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Rate of Radioactive Decay
Radioactive decay rate is exponential and is characterized by constants, such as halflife, as well the activity and number of particles.
Learning Objective

Apply the equation N_{t}=N_{0}e^{−λt} in the calculation of decay rates and decay constants
Key Points

The law of radioactive decay describes the statistical behavior of a large number of nuclides, rather than individual ones.

The decay rate equation is:
$N={N}_{0}{e}^{\lambda t}$ . 
Although the parent decay distribution follows an exponential, observations of decay times will be limited by a finite integer number of N atoms.
Terms

halflife
The time required for half of the nuclei in a sample of a specific isotope to undergo radioactive decay.

nuclide
An atomic nucleus specified by its atomic number and atomic mass.
Full Text
Decay Rate
The decay rate of a radioactive substance is characterized by the following constant quantities:
 The halflife (t_{1/2}) is the time taken for the activity of a given amount of a radioactive substance to decay to half of its initial value.
 The mean lifetime (τ, "tau") is the average lifetime of a radioactive particle before decay.
 The decay constant (λ, "lambda") is the inverse of the mean lifetime.
Although these are constants, they are associated with statistically random behavior of populations of atoms. Predictions using these constants are less accurate for small number of atoms.
There are also timevariable quantities to consider:
 Total activity (A) is number of decays per unit time of a radioactive sample.
 Number of particles (N) is the total number of particles in the sample.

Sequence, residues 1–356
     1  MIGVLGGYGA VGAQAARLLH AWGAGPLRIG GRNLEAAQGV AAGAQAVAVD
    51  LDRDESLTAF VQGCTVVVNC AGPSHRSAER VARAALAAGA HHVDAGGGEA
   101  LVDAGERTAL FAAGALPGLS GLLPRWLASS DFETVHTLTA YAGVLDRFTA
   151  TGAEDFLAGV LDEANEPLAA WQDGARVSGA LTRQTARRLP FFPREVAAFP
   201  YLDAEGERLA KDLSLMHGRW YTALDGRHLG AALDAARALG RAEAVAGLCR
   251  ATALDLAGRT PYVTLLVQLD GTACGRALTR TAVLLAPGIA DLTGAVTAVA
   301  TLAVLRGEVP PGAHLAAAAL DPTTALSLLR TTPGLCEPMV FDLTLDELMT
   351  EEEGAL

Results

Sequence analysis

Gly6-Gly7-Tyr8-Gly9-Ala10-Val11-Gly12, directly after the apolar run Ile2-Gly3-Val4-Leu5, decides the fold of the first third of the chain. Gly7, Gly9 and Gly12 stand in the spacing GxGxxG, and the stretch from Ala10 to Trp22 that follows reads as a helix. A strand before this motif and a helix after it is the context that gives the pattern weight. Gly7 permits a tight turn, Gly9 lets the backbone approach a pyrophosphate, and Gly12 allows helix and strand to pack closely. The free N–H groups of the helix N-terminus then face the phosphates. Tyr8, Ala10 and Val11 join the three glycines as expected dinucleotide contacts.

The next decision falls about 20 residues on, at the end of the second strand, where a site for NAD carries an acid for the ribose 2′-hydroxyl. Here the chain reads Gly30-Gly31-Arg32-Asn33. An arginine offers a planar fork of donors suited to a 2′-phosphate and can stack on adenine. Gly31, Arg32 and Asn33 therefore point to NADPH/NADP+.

Specific activity (SA) number of decays per unit time per amount of substance of the sample at time set to zero (t = 0). "Amount of substance" can be the mass, volume, or moles of the initial sample.
Radioactivity is one very frequent example of exponential decay. The law of radioactive decay describes the statistical behavior of a large number of nuclides, rather than individual ones. In the following relation, the number of nuclides or nuclide population, N, is of course a natural number. Given a sample of a particular radioisotope, the number of decay events, −dN, expected to occur in a small interval of time, dt, is proportional to the number of atoms present N, that is:
Particular radionuclides decay at different rates, so each has its own decay constant, λ.
The expected decay
The negative sign indicates that N decreases as time increases, as each decay event follows one after another. The solution to this firstorder differential equation is the function:
Here, N_{0} is the value of N at time t = 0.
The SI unit of radioactive activity is the becquerel (Bq), in honor of the scientist Henri Becquerel. One Bq is defined as one transformation, decay, or disintegration per second. Since sensible sizes of radioactive material contain many atoms, a Bq is a tiny measure of activity; amounts giving activities on the order of GBq (gigabecquerel, 1 x 10^{9} decays per second) or TBq (terabecquerel, 1 x 10^{12} decays per second) are commonly used.